“You do your test in a special car that they keep at the test centre”
It’s strange how many people think there’re special cars for tests. There are no cars at the test centre, you do it in your instructors car. People have turned up at test centres without a car, thinking the examiner will let you use their test cars. There aren’t any!
It’s worth pointing out here that it is your responsibility to provide a car for a test, not your instructors. If an instructor wants to refuse the use of their car because you aren’t ready then they can.
“I want an instructor with a high pass rate because then I’m more likely to pass”
Pass rates mean nothing for one reason – there is no proof of them. No official records are kept and pass rates are rarely anything more than made up figures to impress people. If an instructor says their pass rate is 80% or 90%, how do you know? Lots of schools claim “The highest pass rates!” or “Excellent pass rates!” but can they prove it? Ask for proof and see!
When a pupil goes on test the examiner writes down the instructors number on their badge. The result is supposed to build up a pass rate for that instructor. The problem is that it’s not compulsory for instructors to leave their badge in the car for a test so very often the results aren’t recorded. Instructors used to get sent these pass rates from the DSA (as it was then, the DVSA now) every January but this hasn’t been done since around 2003.
Here’s a good example of how confusing pass rates can be. Imagine that there is a new instructor and their first ever pupil passes on their first attempt. For all future tests the instructor removes their badge from the car so the results never get recorded. With 200 fails in a row they still officially have a 100% pass rate because none of the fails were recorded!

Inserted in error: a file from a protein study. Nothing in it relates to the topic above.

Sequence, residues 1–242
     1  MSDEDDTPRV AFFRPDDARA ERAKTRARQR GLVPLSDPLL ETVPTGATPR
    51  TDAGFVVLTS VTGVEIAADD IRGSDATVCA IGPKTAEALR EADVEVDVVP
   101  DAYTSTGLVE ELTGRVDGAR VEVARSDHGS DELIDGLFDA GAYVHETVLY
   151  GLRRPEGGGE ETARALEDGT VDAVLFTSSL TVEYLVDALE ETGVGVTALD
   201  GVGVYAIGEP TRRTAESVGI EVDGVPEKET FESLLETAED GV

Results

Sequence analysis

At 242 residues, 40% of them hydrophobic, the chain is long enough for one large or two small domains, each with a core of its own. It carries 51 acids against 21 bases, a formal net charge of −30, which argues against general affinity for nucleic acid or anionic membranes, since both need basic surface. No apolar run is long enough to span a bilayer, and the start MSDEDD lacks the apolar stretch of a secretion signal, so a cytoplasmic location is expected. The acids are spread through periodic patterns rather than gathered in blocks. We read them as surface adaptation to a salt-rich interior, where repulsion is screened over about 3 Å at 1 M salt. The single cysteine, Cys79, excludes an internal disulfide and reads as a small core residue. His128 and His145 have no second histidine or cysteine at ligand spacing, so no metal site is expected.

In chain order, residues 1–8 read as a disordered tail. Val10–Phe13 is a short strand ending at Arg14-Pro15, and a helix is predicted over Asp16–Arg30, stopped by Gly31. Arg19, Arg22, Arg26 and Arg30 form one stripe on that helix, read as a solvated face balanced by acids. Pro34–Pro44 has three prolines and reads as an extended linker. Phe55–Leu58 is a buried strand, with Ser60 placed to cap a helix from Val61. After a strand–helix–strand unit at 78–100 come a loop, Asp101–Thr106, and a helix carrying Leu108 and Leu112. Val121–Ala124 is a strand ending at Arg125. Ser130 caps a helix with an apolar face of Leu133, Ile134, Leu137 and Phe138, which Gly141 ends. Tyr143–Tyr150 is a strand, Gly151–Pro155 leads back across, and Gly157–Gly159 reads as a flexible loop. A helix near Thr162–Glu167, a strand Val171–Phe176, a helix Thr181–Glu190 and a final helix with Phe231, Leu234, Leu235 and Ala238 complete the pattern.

If you look closely into the small print of people who claim 90% or 100% pass rates you will see many catches. They often only include people that went on to pass with them, saying that people who went elsewhere or quit don’t count. Of course they do! They also often say 100% pass rate of those that passed, well what about the ones that failed? Many schools base pass rates on how many pupils eventually passed with them. Each pupil could have failed 4 times then passed but they still count that as a 100% rate because the pupil eventually passed.
All this just shows how silly pass rates are, they can be manipulated and made up so easily that they aren’t worth anything. Please don’t be fooled.
“If I book a test then the instructor has to take me because I’ve paid for it.”
Wrong. It the responsibility of the person who books the test to provide a car. If an instructor refuses the use of their car for a test because you aren’t ready, you booked it without telling them or for any reason, then you are not entitled to a refund and we do not have to take you on test. Your test may cost £62 or more but my car costs £20,000 and peoples lives are priceless. You can’t just turn up and have a go for the sake of it.